A major key to the success of the hockey Axemen so far this season has been the play of the forward line of Joe Gaynor, Dustin Ekelman and Dylan Anderson, who have played together most of the season so far and have been effective at both ends of the ice. (File)
By John DeCoste
Head coach Darren Burns is “obviously pleased” with the first-half performance of his Acadia hockey Axemen, but says it’s really only a start.
The Axemen completed the pre-Christmas portion of the season first in the AUHC with a 12-3-1 record, and were ranked #2 in the most recent CIS hockey rankings.
“I thought we’ve played pretty well so far,” Burns said, but stressed that the AUHC standings “are very close, so it’s a game to game thing” in terms of not only gaining first place, but also managing to stay there.
At the same time, he stressed, “it’s only half a season in a very competitive conference” that is very possibly the strongest in the country.
“I figured we could be a upper-echelon team, and we’re right there,” he said, given the players the Axemen had returning and those he had recruited, but at the same time, “you can’t rest on your laurels in this league.”
Acadia’s win total includes two victories each over UNB, Moncton, UPEI, Dalhousie and St. Thomas and single wins over St. F.X. and Saint Mary’s.
The losses came at the hands of Saint Mary’s (in a shootout), St. F.X., UNB and UPEI.
Statistically, Acadia has scored 55 goals in 16 games (3.44 goals per game), third in the conference behind UNB and Saint Mary’s. Their 34 goals allowed are tops in the conference (UNB is second-best with 40 goals against).
The Axemen penalty killing has been outstanding, allowing just nine goals on 70 opposition power plays for an 87.1 success rate.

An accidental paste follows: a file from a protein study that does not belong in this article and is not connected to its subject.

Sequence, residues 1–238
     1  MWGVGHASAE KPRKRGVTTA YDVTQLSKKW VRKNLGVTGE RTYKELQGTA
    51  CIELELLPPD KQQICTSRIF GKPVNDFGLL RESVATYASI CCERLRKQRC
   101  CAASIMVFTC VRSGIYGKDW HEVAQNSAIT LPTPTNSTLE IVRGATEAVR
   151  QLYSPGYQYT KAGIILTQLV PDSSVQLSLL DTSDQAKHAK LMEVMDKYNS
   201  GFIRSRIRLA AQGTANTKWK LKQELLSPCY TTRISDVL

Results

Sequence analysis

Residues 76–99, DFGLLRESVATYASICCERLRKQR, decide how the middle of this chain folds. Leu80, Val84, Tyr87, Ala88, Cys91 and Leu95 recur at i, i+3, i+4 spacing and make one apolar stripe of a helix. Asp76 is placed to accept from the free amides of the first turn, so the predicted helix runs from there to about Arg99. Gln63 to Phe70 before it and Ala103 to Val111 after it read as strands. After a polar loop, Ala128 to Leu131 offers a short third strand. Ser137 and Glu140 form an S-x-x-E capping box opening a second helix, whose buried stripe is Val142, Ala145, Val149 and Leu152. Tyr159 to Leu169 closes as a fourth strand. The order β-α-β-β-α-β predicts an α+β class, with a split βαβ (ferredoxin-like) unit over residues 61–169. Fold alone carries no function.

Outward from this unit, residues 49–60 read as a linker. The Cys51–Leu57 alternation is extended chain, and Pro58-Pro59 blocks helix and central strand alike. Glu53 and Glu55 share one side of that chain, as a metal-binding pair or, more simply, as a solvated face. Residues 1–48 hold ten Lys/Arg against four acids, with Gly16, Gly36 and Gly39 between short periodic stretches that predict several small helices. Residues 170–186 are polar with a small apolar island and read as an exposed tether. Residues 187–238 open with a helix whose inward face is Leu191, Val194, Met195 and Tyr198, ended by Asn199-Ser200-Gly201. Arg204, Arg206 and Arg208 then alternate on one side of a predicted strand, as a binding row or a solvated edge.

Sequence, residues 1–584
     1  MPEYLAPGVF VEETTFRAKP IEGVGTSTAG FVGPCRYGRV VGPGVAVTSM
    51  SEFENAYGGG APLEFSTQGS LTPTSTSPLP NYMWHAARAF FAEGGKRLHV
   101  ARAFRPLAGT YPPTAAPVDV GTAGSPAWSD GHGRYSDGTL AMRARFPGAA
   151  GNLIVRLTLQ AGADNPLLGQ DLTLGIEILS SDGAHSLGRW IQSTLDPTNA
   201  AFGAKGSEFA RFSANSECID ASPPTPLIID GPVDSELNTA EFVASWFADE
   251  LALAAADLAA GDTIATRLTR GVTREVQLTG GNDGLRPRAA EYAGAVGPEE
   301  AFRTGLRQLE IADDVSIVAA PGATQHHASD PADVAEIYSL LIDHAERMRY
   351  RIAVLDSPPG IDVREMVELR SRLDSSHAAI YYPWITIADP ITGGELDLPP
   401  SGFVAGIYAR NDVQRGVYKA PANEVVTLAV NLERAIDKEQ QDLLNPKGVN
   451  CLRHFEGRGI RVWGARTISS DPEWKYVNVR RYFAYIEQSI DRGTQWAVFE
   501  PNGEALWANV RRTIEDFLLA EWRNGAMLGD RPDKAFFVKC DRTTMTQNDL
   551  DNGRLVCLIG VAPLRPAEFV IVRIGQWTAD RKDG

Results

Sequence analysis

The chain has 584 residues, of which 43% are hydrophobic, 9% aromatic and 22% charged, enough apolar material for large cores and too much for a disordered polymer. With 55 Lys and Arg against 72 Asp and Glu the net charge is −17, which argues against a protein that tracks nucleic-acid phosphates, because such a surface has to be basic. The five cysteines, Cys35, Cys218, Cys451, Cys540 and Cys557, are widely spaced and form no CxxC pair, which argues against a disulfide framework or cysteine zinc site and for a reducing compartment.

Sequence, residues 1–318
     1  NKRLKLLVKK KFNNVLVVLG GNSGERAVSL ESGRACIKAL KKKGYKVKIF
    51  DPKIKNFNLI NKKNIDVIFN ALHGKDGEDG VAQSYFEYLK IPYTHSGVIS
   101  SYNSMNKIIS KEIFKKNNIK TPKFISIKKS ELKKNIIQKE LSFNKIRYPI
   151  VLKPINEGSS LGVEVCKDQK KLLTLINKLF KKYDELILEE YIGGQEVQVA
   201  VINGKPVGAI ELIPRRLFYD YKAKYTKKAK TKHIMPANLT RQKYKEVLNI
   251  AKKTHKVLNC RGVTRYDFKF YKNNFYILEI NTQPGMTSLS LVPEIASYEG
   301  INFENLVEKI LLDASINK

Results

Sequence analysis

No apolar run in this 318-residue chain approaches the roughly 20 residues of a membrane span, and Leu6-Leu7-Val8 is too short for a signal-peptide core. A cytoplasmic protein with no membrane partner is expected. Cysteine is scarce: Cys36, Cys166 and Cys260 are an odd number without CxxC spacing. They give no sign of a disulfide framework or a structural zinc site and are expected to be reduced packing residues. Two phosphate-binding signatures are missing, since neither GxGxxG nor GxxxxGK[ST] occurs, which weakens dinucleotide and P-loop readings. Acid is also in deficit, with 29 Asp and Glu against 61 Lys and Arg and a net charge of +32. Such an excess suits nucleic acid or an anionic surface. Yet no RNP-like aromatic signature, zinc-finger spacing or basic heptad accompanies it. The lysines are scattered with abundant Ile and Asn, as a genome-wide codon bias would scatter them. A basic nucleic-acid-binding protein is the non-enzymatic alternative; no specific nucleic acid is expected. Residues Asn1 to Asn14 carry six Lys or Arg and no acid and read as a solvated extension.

The power play, on the other hand, was arguably the team’s main weakness, with just 11 goals on 84 power play opportunities for a success rate of just 13.1.
“The power play hasn’t always been where it needs to be,” Burns said. “I don’t think we’re a highly offensive team, but our power play should be better considering our record and where we’re ranked.”
The Axemen have spent the past seven weeks in the CIS Top-10, twice - including their current ranking - making it as high as #2.
Burns doesn’t pay much attention to rankings, since everything can change from week to week, but stressed there are a “bunch of teams“ in the AUHC as good as anyone in the country. Acadia, UNB, Saint Mary’s, St. F.X., Moncton and UPEI have all spent time in the CIS Top-10 this season.
“It’s whoever is playing well at a given time,” Burns said.
Burns added the league is difficult to predict since “a lot of teams play different styles,” and equally well. “You need to take it a day at a time, and a week at a time.”
At the break, Andrew Clark led the Axemen with nine goals and 21 points, having overtaken Christopher Owens when Owens (6-13-19) missed the last game of the first half due to injury.
Rookie Brett Thompson had seven goals and eight assists for 15 points in 16 games. Mike Cazzola (4-10-14), another rookie, and Dustin Ekelman (7-7-14) were tied for fourth in team scoring.
“We’ve gotten what we expected from our first-year players, but I have to be honest, Cazzola and Thompson have been better than we expected,” Burns said. “They’re both offensive guys, but I like their ‘compete level’. It’s not necessarily a surprise (how well they have played), but it is nice to see.”
Both Travis Randell and Dylan Anderson have had really strong first halves, he added, and have adapted to the league faster than would have been expected.
“We’re a team that needs to be really good defensively, with a strong forecheck. If there’s one thing that describes our team, it’s that they love the game, play smart and have a strong work ethic.”
Burns wasn’t surprised at all that Clark is enjoying another solid season. The 2011-2012 CIS Player of the Year “is obviously a top player, but he’s also an unsung hero who does so many little things well.”
He has also been pleased with Ekelman, whose shorthanded goal was one of the keys to the Dec. 1 win over UNB.
“He plays the game the right way, and he’s raised his game this year. We have a lot of kids like that. You can really see the influence of (Acadia strength and conditioning coach) Elliott Richardson. He’s given all our teams a huge boost.”
Burns “isn’t planning any major changes” for after Christmas.
“We’re on the road for four of our first five games, so a good start is crucial. Strength and conditioning is a huge factor. It’s been a big part of our season so far, and that can’t change.”